So how is this happening?

To survive in the bloodstream of humans, these parasites have apparently evolved mutations in the gene encoding a surface protein receptor. These mutations result in a receptor with decreased TLF-1 binding, leading to reduced uptake and thus allow the parasites to avoid the toxicity of TLF-1.

"Humans have evolved TLF-1 as a highly specific toxin against African trypanosomes by tricking the parasite into taking up this HDL because it resembles a nutrient the parasite needs for survival," said Hajduk, "but T. b. gambiense has evolved a counter measure to these human 'Trojan horses' simply by barring the door and not allowing TLF-1 to enter the cell, effectively blocking human innate immunity and leading to infection and ultimately disease."

The parasite may pay a price for blocking the uptake of a nutrient, but still the strategy works and the parasite can infect humans. Now that researchers know how the parasite survives, this may provide an intervention target that could keep the parasites from evading the human defense system. The result could be a newly strengthened innate defense system that halts the parasites in their paths.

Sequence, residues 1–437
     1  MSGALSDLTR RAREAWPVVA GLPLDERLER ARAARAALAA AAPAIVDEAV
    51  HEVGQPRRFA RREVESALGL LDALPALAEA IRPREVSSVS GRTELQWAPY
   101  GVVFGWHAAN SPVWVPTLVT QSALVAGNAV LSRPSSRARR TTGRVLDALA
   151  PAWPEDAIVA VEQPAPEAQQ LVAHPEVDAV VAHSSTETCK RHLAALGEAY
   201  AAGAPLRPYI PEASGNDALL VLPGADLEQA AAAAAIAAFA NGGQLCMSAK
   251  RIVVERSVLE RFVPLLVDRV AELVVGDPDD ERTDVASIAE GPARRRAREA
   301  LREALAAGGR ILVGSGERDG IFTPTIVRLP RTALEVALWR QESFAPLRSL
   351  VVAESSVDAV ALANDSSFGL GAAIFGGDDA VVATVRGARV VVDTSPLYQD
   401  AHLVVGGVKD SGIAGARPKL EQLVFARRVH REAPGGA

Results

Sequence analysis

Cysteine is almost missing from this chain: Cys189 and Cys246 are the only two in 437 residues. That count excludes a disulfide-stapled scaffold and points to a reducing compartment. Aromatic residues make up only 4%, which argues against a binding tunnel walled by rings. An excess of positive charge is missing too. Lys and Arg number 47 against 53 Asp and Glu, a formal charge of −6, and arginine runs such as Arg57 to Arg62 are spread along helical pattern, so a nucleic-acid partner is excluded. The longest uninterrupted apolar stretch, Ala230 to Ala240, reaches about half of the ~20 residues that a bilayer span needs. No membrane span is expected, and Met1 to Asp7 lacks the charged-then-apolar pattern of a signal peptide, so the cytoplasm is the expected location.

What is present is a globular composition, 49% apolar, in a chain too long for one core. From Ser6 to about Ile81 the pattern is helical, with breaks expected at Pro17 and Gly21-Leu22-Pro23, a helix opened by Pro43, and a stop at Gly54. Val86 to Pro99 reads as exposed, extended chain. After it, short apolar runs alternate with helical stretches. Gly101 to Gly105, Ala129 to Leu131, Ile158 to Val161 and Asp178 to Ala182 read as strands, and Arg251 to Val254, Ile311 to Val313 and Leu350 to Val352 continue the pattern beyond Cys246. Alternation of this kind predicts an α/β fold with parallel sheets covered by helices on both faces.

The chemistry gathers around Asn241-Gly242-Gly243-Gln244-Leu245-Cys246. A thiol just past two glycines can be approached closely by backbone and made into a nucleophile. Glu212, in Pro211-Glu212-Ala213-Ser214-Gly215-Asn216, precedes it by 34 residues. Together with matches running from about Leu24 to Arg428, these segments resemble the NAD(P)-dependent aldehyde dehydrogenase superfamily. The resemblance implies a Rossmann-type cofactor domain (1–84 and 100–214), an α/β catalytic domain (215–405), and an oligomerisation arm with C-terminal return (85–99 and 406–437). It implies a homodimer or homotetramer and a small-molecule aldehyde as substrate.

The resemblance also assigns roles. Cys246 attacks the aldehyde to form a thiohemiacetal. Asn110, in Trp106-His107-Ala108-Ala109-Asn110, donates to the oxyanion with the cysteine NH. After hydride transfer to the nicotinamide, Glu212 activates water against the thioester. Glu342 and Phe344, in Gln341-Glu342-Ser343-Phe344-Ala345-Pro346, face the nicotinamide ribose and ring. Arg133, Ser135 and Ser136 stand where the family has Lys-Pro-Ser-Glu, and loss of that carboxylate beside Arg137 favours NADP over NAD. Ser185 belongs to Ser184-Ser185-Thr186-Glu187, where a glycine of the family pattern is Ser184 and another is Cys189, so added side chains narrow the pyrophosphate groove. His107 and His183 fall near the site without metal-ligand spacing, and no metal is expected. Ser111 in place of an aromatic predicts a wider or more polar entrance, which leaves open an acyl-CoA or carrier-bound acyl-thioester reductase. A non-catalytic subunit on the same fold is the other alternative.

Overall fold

The research was supported by grants from the National Institutes of Health and the Burroughs-Wellcome Fund.

Stephen Hajduk | EurekAlert!
Further information:
http://www.uga.edu

More articles from Life Sciences:

nachricht Ion treatments for cardiac arrhythmia — Non-invasive alternative to catheter-based surgery
20.01.2017 | GSI Helmholtzzentrum für Schwerionenforschung GmbH

nachricht Seeking structure with metagenome sequences
20.01.2017 | DOE/Joint Genome Institute

All articles from Life Sciences >>>

The most recent press releases about innovation >>>

Die letzten 5 Focus-News des innovations-reports im Überblick:

Im Focus: Traffic jam in empty space

New success for Konstanz physicists in studying the quantum vacuum

An important step towards a completely new experimental access to quantum physics has been made at University of Konstanz. The team of scientists headed by...

Im Focus: How gut bacteria can make us ill

HZI researchers decipher infection mechanisms of Yersinia and immune responses of the host

Yersiniae cause severe intestinal infections. Studies using Yersinia pseudotuberculosis as a model organism aim to elucidate the infection mechanisms of these...

Im Focus: Interfacial Superconductivity: Magnetic and superconducting order revealed simultaneously